When a disaster suddenly strikes it can be frightening for everyone, including your pet. The best thing you can do for you and your pet’s safety is to be prepared, develop a plan for emergencies, and have it ready before the disaster strikes. Planning ahead is the key to keeping yourself and your pet safe before, during, and after a disaster.
“Before a disaster, it is important to insure that all your animals are identified within a system that will allow you two to be reunited if separated,” said Wesley Bissett, assistant professor at the Texas A&M College of Veterinary Medicine & Biomedical Sciences (CVM). “Identification can come in a variety of ways, such as collars or microchips. Collars may be less expensive but they are much easier to lose, whereas microchips may be more expensive but provide the advantage of being permanently within the animal. You should also try to keep a photo of you and your pet together to verify ownership.”
When preparing for a disaster, it is imperative that all of your pet’s vaccinations are current. “If you do not typically have your dog vaccinated for Bordetella, or kennel cough, consider doing so as storm season approaches,” said Bissett. “This is disease prevention in case your pet is checked into an animal shelter.”
When packing emergency supplies for your pet remember to store at least a one-week supply of pet food to keep the pet’s GI tract from becoming upset, and enough water to meet you and your pet’s needs for up to three days. If you must evacuate the area, make sure to grab your pet’s food & water bowls before leaving.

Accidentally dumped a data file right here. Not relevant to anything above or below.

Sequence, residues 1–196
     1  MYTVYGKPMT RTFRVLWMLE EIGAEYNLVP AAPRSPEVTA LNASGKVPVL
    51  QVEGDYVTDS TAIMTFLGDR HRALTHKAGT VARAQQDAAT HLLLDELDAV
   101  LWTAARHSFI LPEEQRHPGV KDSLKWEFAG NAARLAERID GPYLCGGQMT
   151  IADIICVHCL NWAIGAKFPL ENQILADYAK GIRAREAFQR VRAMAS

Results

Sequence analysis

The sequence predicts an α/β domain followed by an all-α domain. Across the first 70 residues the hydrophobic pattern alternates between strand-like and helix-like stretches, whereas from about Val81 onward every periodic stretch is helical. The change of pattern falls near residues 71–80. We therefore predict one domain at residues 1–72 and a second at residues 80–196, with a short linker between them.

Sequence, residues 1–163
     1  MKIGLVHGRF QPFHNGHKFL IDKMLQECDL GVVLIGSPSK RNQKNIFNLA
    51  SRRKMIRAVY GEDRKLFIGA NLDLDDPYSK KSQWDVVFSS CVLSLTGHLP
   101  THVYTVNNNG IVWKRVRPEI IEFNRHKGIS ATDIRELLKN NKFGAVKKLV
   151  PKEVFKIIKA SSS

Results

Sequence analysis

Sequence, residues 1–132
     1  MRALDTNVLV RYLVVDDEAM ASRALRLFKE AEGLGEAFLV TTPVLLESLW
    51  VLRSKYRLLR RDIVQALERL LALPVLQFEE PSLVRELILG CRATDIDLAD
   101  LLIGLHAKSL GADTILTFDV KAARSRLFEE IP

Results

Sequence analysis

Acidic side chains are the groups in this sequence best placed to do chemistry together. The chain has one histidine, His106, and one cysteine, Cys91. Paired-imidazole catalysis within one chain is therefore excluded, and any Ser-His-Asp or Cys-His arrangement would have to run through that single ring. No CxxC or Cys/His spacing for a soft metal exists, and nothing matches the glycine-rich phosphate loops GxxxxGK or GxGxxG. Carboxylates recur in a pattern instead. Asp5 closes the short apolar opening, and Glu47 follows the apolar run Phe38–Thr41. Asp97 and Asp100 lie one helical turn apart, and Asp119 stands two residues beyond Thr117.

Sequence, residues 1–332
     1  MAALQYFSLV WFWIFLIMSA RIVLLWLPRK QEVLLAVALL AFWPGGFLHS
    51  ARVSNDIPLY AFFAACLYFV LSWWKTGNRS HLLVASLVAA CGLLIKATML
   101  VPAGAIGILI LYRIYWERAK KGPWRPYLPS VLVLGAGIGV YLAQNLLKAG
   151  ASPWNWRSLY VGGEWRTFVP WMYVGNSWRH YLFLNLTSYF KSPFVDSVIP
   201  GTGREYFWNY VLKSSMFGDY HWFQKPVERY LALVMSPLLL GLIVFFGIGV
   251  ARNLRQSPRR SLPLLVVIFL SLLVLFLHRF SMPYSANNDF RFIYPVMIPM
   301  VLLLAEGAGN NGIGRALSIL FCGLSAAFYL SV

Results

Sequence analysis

“If your pet is on a prescription for a chronic illness, keep at least a two-week supply of medication as well as a copy of the pet’s medical records,” said Bissett. “It may be difficult to have prescriptions re-filled in an emergency situation. Also, make sure you have a kennel or crate to transport your pet in case of an evacuation.”
During a disaster, it is important to follow a pre-written strategy to ensure you and your pet’s safety. This not only saves valuable time during the disaster but can also aid in remembering important details of the event afterwards. “It is also important to heed all evacuation recommendations and orders,” said Bissett. “If the number of animals that you will be evacuating will require multiple trips, plan ahead and leave early!”
“If your pet is injured during a disaster immediately seek veterinary medical help, which in many cases is available as part of the local or state response,” said Bissett. “If help is not instantly available, perform first aid until help arrives.”
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Pet Talk is a service of the College of Veterinary Medicine & Biomedical Sciences, Texas A&M University. Stories can be viewed on the Web at vetmed.tamu.edu/news/pet-talk. Suggestions for future topics may be directed to firstname.lastname@example.org.